[Spencer's “On Education” originally appeared in the Westminster Review. This text has comes from the Project Gutenberg online version of the Everyman edition of Essays of Education — George P. Landow]
pencer is particularly savage when attacking Victorian emphasis upon teaching the Latin and Greek classics instead of subjects he believes essential for self-development and a healthy society — subjects that include not only the natural sciences but drawing. As he points out, “Men who would blush if caught saying Iphigénia instead of Iphigenía, or would resent as an insult any imputation of ignorance respecting the fabled labours of a fabled demi-god, show not the slightest shame in confessing that they do not know where the Eustachian tubes are, what are the actions of the spinal cord, what is the normal rate of pulsation, or how the lungs are inflated.” Classical education for Spencer is an education only about the past: “While anxious that their sons should be well up in the superstitions of two thousand years ago, they care not that they should be taught anything about the structure and functions of their own bodies—nay, even wish them not to be so taught.” This observation prompts a double lament: “So overwhelming is the influence of established routine! So terribly in our education does the ornamental over-ride the useful!”
Spencer, who argues that all institutions eventually become oppressive, makes clear that nineteenth-century education methods derive primarily from that “ramified network of restraints by which society is kept in order” and not from the needs of the individual. Following his own belief that satire provides an opening for reform of antiquated, invidious social action, he asks the reader to consider what some future archeologists would deduce from the books used in schools and universities about the nature of Victorian society:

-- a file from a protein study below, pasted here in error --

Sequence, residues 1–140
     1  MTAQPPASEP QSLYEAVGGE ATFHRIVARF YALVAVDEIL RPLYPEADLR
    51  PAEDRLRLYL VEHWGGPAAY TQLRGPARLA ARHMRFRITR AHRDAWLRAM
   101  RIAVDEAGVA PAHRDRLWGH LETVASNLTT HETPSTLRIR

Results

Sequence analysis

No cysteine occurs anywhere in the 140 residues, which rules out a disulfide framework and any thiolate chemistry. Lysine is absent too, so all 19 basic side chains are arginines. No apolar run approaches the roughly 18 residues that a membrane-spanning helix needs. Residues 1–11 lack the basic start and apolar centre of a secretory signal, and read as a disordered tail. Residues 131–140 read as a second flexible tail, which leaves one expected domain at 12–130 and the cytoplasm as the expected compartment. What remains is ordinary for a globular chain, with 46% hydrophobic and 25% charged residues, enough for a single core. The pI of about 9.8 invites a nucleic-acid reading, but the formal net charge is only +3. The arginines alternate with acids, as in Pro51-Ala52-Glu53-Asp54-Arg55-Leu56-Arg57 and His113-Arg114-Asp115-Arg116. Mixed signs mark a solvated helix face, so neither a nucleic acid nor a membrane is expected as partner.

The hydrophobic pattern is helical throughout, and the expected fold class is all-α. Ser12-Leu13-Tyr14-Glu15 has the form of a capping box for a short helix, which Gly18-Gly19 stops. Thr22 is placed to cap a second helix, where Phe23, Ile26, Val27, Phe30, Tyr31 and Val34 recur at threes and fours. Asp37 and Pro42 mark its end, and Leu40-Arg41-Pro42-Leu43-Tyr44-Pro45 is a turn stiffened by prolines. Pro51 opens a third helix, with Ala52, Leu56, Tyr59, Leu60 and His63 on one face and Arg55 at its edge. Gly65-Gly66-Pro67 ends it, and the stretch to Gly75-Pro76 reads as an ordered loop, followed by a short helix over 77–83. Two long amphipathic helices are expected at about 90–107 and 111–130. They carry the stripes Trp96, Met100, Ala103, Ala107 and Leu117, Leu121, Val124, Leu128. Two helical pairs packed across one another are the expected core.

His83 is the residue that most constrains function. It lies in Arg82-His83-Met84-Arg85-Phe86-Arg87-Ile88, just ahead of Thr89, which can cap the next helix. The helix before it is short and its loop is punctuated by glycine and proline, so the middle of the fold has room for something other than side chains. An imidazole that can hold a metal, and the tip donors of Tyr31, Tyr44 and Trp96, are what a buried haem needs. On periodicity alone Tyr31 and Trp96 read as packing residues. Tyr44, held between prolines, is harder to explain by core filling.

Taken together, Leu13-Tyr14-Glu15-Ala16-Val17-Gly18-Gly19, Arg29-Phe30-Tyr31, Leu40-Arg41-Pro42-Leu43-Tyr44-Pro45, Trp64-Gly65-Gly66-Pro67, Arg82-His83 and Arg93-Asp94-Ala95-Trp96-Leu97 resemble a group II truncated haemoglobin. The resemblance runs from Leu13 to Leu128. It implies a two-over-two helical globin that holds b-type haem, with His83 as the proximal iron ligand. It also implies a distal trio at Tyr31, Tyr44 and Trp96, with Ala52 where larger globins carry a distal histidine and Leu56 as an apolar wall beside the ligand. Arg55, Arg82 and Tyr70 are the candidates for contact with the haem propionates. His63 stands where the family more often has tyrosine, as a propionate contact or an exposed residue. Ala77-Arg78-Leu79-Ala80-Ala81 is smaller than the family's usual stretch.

If by some strange chance not a vestige of us descended to the remote future save a pile of our school-books or some college examination papers, we may imagine how puzzled an antiquary of the period would be on finding in them no sign that the learners were ever likely to be parents. "This must have been the curriculum for their celibates," we may fancy him concluding. "I perceive here an elaborate preparation for many things; especially for reading the books of extinct nations and of co-existing nations (from which indeed it seems clear that these people had very little worth reading in their own tongue); but I find no reference whatever to the bringing up of children. They could not have been so absurd as to omit all training for this gravest of responsibilities. Evidently then, this was the school-course of one of their monastic orders."
Like Dante Gabriel Rossetti in “The Burden of Nineveh” (text) he imagines how a future archeologists — he uses the word “antiquary” — will apparently misinterpret the nature of Victorian society but in fact thereby reveal something about themselves that his contemporaries haven't perceived.
- Education in Victorian England (homepage)
- “Parents are not good enough”: Children, Human Nature, and the Relation of Education to a Flawed Humanity and Its Flawed Society
- Spencer on the Essential Importance of Drawing in Education and Self-Development
- The Relation of Education to Its Economic and Political Contexts
Spencer, Herbert. "On Manners and Fashion." Essays on Education and Kindred Subjects. London: Dent/Everyman, 1966.
Last modified 18 November 2019